Being able to spot the weak players at your table is an essential component of
excelling at H.O.R.S.E.
|The main attraction of H.O.R.S.E. is that everyone will have weaker and stronger games|
For years now, in the face of a no-limit hold’em tidal wave, the elite players of the world have spent their time quietly playing and propagating mixed games as the ultimate test of a poker player. In the Big Game at Bellagio, where Doyle Brunson, Chip Reese, Phil Ivey, Barry Greenstein and Jennifer Harman are fixtures, they play as many as a dozen different games on a regular basis. In the face of a swollen main event at this year’s WSOP, a $50,000 H.O.R.S.E. (hold’em, Omaha hi-lo, razz, seven-card stud and seven-card stud hi-lo) event was introduced, regarded by those in the know as the ‘real’ World Championship and duly won by consummate professional Chip Reese.
The five H.O.R.S.E. fixed-limit games are played in rotation, eight hands at a time, and with a maximum of eight players. H.O.R.S.E. is finally available to online players, too, in the form of cash games, sit&gos and tournaments. Here, we look at how more inexperienced players can hold their own.
Playing by the rules
Rudimentary as it sounds, make sure that you know the rules to all of the games and also which game you’re currently playing. Even at the higher limits, it’s not uncommon to see someone sit down with no idea of how to play one or more of the games, or for someone to miss a change over between stud rounds. This in itself is an instant source of profit for the attentive player. Beyond that, the main attraction of H.O.R.S.E. is that everyone will have weaker and stronger games, and the specialists you see at other tables won’t be able to compete without having to play games they’re less familiar with. As such, you should become at least competent in each of the five games, and learn to spot other players who aren’t and focus on them in their weak games.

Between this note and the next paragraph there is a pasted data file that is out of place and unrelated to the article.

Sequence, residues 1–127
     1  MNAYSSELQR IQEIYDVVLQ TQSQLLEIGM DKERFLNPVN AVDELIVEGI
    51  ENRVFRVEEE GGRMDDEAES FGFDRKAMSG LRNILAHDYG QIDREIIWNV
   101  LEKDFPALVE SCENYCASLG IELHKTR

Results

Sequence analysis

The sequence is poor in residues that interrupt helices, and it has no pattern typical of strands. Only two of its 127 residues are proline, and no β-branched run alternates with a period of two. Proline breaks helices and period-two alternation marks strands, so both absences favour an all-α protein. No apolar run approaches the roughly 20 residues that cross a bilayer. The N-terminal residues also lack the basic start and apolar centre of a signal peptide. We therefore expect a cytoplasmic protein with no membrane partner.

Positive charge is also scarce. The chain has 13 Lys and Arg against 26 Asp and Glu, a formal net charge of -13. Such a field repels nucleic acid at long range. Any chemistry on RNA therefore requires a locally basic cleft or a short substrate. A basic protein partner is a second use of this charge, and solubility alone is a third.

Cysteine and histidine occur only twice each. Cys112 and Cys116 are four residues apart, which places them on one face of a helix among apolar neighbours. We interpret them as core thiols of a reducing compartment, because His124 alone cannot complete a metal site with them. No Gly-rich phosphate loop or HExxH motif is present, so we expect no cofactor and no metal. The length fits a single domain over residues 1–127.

This may sound like a mammoth task, but there are some general principles that can be immediately employed in profiling your opponents. For example, newer players will be most familiar with hold’em, and some will have naturally branched out from here into Omaha hi-lo as another community card game.
However, stud games will be uncharted territory, particularly with younger internet players. As the rotation progresses, they’ll display increasing weaknesses through razz, which is a deceptively straightforward game; stud, which has a high skill factor, but also a high luck one; and stud hi-lo, which is a game of equally high skill but far less luck. Of course, older players will likely have been around since the height of stud’s popularity, but these players will be in the minority in online games.
Breaking it down
There are also certain keys to each game that good players will know and bad ones won’t, and this will instantly reveal a player’s ability in a given game. Let’s take a look at them.
Hold’em: good short-handed players (remember that H.O.R.S.E. seats eight or fewer) are invariably very aggressive both pre-flop and post-flop, and extremely tenacious in calling down their opponents with marginal holdings so that they aren’t easy to bluff. They’ll defend their blinds liberally and will often make continuation bets when they raise pre-flop, as well as three-betting opening raisers if they intend to play. Anyone who shows undue passivity, or who seems to give up too often in a hand, especially on the river, isn’t a hold’em expert.
Omaha hi-lo: this is a game of hitting flops, but aggression and pre-flop raising are becoming increasingly important in the eight-handed format. Starting hands are still key, though, so watch for people who play too many middle cards, high-only hands or non-nut draws for a lot of bets. A good tip for newer players is to usually have a two-way hand with nut outs in at least one direction. As such, any A-2 would be playable, but you would want an A-3 to have a nut-flush draw and A-4 or A-5 to also have some broadway cards – for example, A♥-4♥-K♠-Q♠. These requirements loosen somewhat in steal positions or in the blinds, but they’ll help you to avoid getting jammed in between other nut draws and made hands the rest of the time.